I went to Simula Research Lab’s seminar on estimation today. My conclusion is that despite many years of practice and research, we don’t know how to make estimates for even moderate projects correct within an order of magnitude. I think a new approach is needed!
I wish I could’ve said that I learned something fundamental, but instead, I got my preconceptions confirmed. I think I understood the underlying causes better, however.
I will start by talking about the last of the presentations, Magne JÃ¸rgensen’s presentation about choosing between intuitive (“gut-oriented”) estimation techniques and and analytic (“head-oriented”) techniques.
What fascinated me most about Magne’s talk was when he pointed that people have a strong dichotomy between their rational and their intuitive thinking process. Evolutionary research seems to point to the intuitive part of our mind as being much older than the analytic. The interesting thing is that we trust the methods of our analytic mind much more than the methods of our intuitive power. However: We trust the results of our intuitive thinking much more. A result of this is that when using a model for estimating work, we will often tweak the inputs to the “rational” process so that the results match our intuitive expectations. Even when we’re being rational, we’re not!
I was reminded of Malcolm Gladwell’s book “Blink“, where he talks about the powers of intuitive “snap judgment” decisions, and how it seems like we’re pretty good at making quick, intuitive decisions when there’s a lot of confusing information. However, as Magne pointed out, our intuitive reasoning is vulnerable to certain biases. Some of these biases lead to systematic errors, and some of them, we’re able to eliminate by being aware of them.
Some biases that are pretty common were covered by other talks or by the short survey question on that was given in the seminar. These were: The Anchoring effect, preferring a close analogy more than a more complete data set when looking for relevant comparisons, and the tendency to consider irrelevant or unimportant information much more strongly we should.
Magne pointed out that in some fields, mathematical models have been developed to where they are more effective than nearly all experts. This holds true for a lot of diagnostics and financial forecasting. (I remember a “model” for predicting heart attacks that used only four of the nearly twenty variables that experts considered important and that was considerably more reliable than nearly all experts).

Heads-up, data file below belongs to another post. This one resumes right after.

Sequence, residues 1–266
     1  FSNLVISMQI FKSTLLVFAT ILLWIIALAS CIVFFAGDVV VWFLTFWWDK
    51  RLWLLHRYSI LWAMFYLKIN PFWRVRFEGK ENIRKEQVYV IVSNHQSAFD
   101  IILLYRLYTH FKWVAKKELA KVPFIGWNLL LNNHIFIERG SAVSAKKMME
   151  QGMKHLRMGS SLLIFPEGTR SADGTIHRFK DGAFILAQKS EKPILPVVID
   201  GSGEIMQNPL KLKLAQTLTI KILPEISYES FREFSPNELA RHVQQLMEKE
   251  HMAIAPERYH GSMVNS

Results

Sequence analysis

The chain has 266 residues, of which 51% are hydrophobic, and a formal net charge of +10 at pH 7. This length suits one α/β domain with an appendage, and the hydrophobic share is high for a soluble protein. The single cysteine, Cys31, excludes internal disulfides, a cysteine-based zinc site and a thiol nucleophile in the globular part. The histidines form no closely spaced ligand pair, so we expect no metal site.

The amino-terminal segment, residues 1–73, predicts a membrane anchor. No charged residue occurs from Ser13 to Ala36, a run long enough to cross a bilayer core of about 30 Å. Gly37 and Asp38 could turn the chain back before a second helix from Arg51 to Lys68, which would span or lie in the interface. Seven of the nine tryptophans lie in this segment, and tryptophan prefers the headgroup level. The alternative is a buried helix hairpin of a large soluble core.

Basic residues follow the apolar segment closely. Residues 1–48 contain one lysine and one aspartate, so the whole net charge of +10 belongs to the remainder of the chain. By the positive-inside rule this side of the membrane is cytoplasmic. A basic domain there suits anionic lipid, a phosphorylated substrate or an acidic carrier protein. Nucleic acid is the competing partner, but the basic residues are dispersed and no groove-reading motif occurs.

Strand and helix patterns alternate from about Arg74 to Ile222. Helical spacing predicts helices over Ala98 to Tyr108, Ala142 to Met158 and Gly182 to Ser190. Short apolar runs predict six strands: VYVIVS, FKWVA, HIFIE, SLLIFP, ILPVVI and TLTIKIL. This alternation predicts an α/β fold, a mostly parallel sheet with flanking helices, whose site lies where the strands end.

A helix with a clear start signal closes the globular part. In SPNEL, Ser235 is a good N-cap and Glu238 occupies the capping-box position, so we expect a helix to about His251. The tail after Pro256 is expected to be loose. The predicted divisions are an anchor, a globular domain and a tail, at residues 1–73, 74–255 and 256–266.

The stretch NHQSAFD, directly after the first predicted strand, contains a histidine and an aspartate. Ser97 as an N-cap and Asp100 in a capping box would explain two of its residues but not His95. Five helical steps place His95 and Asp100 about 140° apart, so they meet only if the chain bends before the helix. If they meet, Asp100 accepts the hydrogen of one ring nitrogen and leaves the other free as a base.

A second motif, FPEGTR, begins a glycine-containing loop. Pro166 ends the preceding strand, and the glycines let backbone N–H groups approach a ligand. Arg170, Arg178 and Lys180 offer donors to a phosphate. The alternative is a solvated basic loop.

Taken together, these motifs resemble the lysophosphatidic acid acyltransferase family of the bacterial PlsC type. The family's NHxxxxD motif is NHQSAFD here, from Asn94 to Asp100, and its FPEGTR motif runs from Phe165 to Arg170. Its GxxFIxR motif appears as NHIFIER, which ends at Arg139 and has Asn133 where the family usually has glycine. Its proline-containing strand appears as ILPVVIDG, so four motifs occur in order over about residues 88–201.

It seems to me, however, that software project estimation will never be one of these areas. All the areas that have successfully developed mathematical predictive models operate with a fairly simple and closed set of inputs (e.g. symptoms) and outputs (e.g. what sickness does the patient have). The set of inputs that we know much be considered when we estimate a project is large and extremely hard to quantify. Two of the most important factors are the expertise of the project team and the size of the task. We have no good objective measure of either. The output is a number of hours that can vary wildly, and indeed, we often misestimate by a factor of five or ten.
Most of the research material that Simula presented was Stein Grimstad’s research on the effect of distractions on estimates. The results were very disheartening: The same people will vary their estimates of the same task by 70 % if asked to give the estimate again a while later. The variation can be to higher estimates or lower. Irrelevant information will affect estimates with a large effect. Two groups asked to estimate the same task, where one group is given extra irrelevant information will give measurably different estimates. The estimates of the group with the irrelevant information will have a greater internal variation. This effect persists if the group is made aware of the irrelevant information. It persists if the group is asked to highlight relevant information. There is just a small drop in effect if they are asked to black out all irrelevant information. A similar effect was even present if the specification was formatted to take up more pages with the exact same text.
Stein’s research and that of Nils Christian Haugen also pointed to a few things that could be done to increase your odds of succeeding. Having a separate group black out irrelevant information in a specification before giving it to the estimators had a positive effect. Splitting up the task in a structured way seems go give more correct estimates. Some initial studies also show good effect of structured group estimation (planning poker or wideband delphi<), of estimating relative size of tasks instead of expected time, and of posting progress information on an information radiator. However, these are all micro-estimation techniques. No solution was proposed for the macro problem of estimating the cost of a multi person-year project. My experience of reading requirement specification is that there is often more irrelevant than relevant information. And my experience is that most project estimates are grossly wrong (unless you take the Dilbert approach: The estimates were right, the project members were just too lazy). I don't think the solution lies in better estimation, but in realizing that estimates are always going to be extremely inaccurate. We need to use project management techniques that can survive in this setting. Personally, I would like to further pursue a process based around building to budget: "We don't know what realizing this specification will cost. But we do know that we can make something interesting within a budget of X. And we can prove it by delivering real progress before we've spend more than 10 % of that." Researchers have been searching for the holy grail of how to improve estimation for years. Maybe they should answer another question: How can we manage projects despite poor estimates?